HC Deb 27 April 1976 vol 910 cc172-4
6. Mr. Gwilym Roberts

asked the Secretary of State for Social Services how many representations he has received in 1976 in connection with respective pensionable ages of men and women.

The Minister of State, Department of Health and Social Security (Mr. Stanley Orme)

All the representations received by the Department of Health and Social Security have taken the form of letters. Records are not kept of the total number concerned with each specific subject, but in the first quarter of this year 163 letters about pension age received personal replies from Ministers at the Department.

Mr. Roberts

My right hon. Friend will remember that a target date was set for equal pay for women. Will he give a 10-year target date for reducing the pensionable age of men to 60? Will he put forward proposals for reducing the pensionable age of men year by year until that target is reached? Does my right hon. Friend accept that it is deplorable, now that we haxe sex equality, that we are not prepared to move—[HON. MEMBERS: "Too long."]—

Mr. Speaker

Order. May I appeal to the House? As the House will have noticed, in the past two sitting weeks I have deliberately allowed hon. Members to go on longer with their supplementary questions. But supplementary questions are getting longer and longer and that is unfair to other hon. Members who have Questions on the Order Paper.

Mr. Orme

The ratio of people of working age to people of pensionable age is at present about 3½:1. The reduction of the men's pension age to 60 would bring the ratio down below 3:1, and the net cost would be more than £1,000 million a year.

Mr. Roberts

In 10 years' time.

Mr. Orme

I understand what my hon. Friend said, and I see the need for creating more employment prospects, but, because of the difficulties, it is not possible to make a forecast.

Mrs. Knight

Will the Minister take an early opportunity to explain to the country precisely why the Government cannot regularise the retirement age, in view of the expectations aroused by the principles and the passage of the Sex Discrimination Act?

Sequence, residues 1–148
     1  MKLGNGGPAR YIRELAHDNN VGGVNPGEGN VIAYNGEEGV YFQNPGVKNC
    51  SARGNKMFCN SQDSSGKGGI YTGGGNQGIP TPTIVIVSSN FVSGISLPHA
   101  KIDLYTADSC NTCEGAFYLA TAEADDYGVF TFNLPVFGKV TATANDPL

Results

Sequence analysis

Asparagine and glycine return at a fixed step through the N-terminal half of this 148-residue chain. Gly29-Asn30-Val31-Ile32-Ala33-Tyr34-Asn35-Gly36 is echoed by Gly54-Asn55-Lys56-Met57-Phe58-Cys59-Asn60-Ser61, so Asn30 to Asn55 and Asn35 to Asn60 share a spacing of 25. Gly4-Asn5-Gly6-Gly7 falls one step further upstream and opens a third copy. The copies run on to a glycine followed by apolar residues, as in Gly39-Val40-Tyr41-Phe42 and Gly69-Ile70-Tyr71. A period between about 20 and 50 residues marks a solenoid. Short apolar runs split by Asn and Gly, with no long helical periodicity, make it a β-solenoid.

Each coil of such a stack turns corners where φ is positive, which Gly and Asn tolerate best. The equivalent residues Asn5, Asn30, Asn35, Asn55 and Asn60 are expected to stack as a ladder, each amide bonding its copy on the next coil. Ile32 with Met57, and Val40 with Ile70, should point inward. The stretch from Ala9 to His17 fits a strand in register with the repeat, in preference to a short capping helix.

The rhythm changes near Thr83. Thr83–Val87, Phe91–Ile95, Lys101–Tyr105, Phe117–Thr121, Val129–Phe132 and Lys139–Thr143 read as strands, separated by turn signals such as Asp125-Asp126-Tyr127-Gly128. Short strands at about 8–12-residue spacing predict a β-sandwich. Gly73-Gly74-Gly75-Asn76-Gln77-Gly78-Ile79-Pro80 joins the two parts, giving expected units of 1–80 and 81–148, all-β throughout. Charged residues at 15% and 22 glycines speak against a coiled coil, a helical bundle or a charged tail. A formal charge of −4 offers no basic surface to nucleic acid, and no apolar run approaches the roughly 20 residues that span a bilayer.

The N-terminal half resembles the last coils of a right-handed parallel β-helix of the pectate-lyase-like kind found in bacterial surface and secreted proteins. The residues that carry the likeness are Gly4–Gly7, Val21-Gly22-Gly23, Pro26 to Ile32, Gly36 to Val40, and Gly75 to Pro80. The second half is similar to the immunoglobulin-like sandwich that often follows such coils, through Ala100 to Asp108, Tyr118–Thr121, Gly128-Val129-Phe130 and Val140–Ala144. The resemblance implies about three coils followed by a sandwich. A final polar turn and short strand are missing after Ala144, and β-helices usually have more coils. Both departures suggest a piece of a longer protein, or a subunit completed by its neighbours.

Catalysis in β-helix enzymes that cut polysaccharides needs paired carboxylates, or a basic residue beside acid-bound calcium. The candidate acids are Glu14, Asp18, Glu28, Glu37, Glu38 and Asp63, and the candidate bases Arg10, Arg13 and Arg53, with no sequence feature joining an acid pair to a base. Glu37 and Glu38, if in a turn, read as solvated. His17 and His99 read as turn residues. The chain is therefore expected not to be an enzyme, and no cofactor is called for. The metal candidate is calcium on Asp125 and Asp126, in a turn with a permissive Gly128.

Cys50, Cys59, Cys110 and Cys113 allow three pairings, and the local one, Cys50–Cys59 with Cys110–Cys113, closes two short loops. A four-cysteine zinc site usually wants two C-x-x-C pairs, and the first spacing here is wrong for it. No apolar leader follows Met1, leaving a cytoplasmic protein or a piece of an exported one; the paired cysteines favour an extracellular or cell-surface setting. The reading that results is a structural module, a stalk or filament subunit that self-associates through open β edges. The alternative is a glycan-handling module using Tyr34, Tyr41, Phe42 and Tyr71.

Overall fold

Mr. Orme

Is the hon. Lady advocating a further £1,000 million a year public expenditure? That is the corollary of what she said. The Government have considered regularising the pension ages, but at the moment it is not possible to move from the retirement age of 60 for women and 65 for men.

Mrs. Bain

Is the right hon. Gentleman aware of the bad feeling that exists among pensioners about the differential levels of pension paid to men and women in view of the Equal Pay Act and the Sex Discrimination Act? Will he give an early commitment to eradicate this differential?

Mr. Orme

When the new Pensions Act comes into operation in 1978, many of the difficulties referred to by the hon. Lady will be eradicated.

Mr. Greville Janner

In estimating the net cost of bringing down the pension age for men to the present pension age for women, has my right hon. Friend taken into account that about 750,000 jobs would be left free to be taken up by people who are today employed, who are ready, anxious and willing to get work, and who would not then receive unemployment or social security benefit for their families?

Mr. Orme

I am aware of my hon. and learned Friend's concern about this matter and about the unemployed. We have considered this factor, but one of the major difficulties is that my hon. Friend's suggestion would not necessarily have the effect he desires.

Mr. McCrindle

In the interest of true sex equality but keeping an eye on public expenditure should not the Government he reducing the retirement age of men to 64½ while raising that of women to 60½ and working gradually in six-monthly periods so that eventually every one retires at 62½? What possible objections could the women of this country have to that suggestion?

Mr. Orme

The hon. Gentleman might find that some women would object very strongly indeed. It is an interesting suggestion but it does not meet the basic fact that the Government have to face—the increased cost at this time.

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